applications. Thus, you must test patches before deploying them, especially if you
have custom code running on your machines. If you need a way to justify the cost of purchasing duplicate
equipment for a test bed network, tell the boss its like insurance. If you deploy patches to a department that
has 15 systems and you wreck all of them at the same time, that department is effectively out of business until
you get everything restored. If you cant afford to have a whole department down, you need to plan for some
level of patch testing.
Deploy a patch only after youve thoroughly tested it. When you
are ready to apply it, do so carefully. Dont apply a patch to all
your systems at once, just in case your testing process missed
something. A good approach is to apply patches one at a
time, testing your production servers after each patch is
applied to make sure applications still function properly. A
major consideration to deploying should also be based on
geographic location. If your IT department supports multiple
locations, you should consider applying patches in stages
over multiple days to avoid a situation where you potentially
take out the entire location if one patch has an issue
following deployment. It is certainly better to be safe than
sorry in this case and the little extra care will go a long way.
The fnal step in the process is often forgotten: making
sure that the patch has actually been installed on the
targeted systems. The validation process must be
completed so when it comes time to report on status,
you are certain that the data being submitted is an
accurate representation of the actual patch status. This
reporting and validation process takes some time, but
it is a necessary procedure to ensure that service levels
are met.
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Patch Management Best Practices
LabTech Software
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Patch Management Best Practices:
Persistence
Policies are useless and processes are futile unless you persist in applying them consistently. Network security
requires constant vigilance, not only because new vulnerabilities and patches appear almost daily, but because new
processes and tools are constantly being developed to handle the growing problem of keeping systems patched.
Effective patch management has become a necessity in todays information technology environments. Reasons for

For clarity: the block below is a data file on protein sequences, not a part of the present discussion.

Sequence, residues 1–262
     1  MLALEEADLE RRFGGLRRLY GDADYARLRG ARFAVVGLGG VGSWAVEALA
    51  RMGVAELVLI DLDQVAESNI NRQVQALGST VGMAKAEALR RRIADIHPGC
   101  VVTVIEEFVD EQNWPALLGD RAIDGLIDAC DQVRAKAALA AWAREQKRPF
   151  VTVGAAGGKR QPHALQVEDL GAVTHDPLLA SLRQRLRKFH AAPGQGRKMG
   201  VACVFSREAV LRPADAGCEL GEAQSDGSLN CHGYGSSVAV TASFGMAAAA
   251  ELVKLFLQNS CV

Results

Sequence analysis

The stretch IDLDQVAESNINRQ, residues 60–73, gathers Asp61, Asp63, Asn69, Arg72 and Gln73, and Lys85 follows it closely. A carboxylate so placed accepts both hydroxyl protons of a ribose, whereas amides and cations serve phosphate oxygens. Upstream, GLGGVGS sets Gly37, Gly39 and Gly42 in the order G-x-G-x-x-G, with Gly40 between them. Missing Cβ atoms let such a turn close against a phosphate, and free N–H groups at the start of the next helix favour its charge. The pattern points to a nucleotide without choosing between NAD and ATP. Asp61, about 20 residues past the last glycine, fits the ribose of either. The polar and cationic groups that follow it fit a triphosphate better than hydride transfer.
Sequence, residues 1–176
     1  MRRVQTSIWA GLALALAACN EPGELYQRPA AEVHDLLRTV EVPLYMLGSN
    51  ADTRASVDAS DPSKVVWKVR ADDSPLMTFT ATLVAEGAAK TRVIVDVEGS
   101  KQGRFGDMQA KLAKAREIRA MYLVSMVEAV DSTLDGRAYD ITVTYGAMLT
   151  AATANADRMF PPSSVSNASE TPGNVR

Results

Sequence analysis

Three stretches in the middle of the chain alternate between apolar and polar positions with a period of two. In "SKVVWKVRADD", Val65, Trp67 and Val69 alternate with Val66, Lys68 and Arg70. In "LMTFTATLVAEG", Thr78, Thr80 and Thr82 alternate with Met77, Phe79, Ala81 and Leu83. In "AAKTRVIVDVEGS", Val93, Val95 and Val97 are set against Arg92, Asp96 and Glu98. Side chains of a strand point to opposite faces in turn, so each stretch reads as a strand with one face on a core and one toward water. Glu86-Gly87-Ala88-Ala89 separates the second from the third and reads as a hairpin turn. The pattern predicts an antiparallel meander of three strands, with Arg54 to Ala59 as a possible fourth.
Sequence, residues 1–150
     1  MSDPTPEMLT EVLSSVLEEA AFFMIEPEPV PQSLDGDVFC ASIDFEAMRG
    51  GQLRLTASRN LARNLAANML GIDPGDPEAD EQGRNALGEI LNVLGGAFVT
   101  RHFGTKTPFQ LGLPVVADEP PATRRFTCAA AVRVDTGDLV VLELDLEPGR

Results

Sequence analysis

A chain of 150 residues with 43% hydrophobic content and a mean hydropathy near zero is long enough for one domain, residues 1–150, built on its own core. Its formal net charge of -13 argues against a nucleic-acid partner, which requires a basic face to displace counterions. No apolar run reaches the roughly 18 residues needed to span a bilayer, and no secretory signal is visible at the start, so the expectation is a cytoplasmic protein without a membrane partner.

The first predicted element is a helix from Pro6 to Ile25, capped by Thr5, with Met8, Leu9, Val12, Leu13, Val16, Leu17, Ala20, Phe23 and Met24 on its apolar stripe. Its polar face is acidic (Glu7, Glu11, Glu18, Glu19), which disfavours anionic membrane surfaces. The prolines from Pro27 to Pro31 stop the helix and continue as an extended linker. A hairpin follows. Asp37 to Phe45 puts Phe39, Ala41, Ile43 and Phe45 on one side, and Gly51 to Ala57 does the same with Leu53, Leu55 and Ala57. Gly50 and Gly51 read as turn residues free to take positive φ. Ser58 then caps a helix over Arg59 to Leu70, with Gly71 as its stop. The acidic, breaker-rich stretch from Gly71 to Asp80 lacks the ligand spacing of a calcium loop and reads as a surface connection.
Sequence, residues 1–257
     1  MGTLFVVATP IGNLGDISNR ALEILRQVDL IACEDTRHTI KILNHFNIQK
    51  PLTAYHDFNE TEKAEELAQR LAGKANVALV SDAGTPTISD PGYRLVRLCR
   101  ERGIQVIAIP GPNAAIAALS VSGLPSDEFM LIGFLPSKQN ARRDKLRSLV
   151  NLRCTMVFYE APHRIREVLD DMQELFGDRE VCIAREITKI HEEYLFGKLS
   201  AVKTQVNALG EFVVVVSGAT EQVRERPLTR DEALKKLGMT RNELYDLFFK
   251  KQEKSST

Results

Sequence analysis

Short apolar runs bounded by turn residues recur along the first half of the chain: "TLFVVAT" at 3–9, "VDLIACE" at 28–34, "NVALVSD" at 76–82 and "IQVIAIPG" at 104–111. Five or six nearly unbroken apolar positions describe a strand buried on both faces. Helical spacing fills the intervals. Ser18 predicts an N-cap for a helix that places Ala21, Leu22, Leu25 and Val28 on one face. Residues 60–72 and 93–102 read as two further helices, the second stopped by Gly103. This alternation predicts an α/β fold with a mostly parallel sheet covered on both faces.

this necessity are:
1. The ongoing discovery of vulnerabilities in existing operating systems and applications
2. The continuing threat of hackers developing applications that exploit those vulnerabilities
3. Vendor requirements to patch vulnerabilities via the release of patches
These points illustrate the need to constantly apply patches to your IT environments. Such a
large task is best accomplished following a series of repeatable, automated best practices.
Therefore, its important to look at patch management as a closed-loop process. It is a
series of best practices that have to be repeated regularly on your networks to ensure
protection from exposed vulnerabilities. Patch management
requires the regular rediscovery of systems that may potentially
be affected, scanning those systems for vulnerabilities,
downloading patches and patch defnition databases, and
deploying patches to systems that
need them.
Patch Management Best Practices
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Microsoft updates arrive predictably on Patch Tuesday (the second
Tuesday of every month), which means you can plan ahead for testing
and deployment. You can get advance notice by subscribing to the
security bulletin, which comes out three business days before and
includes details of the updates.
The following is a list of currently available resources you can use
when augmenting your patch process, as well as some that can keep
you informed of patch-related updates that fall outside the scope of
Microsoft updates.
Microsoft Security TechCenter
http://technet.microsoft.com/en-us/security/bb291012.aspx
SearchSecurity Patch News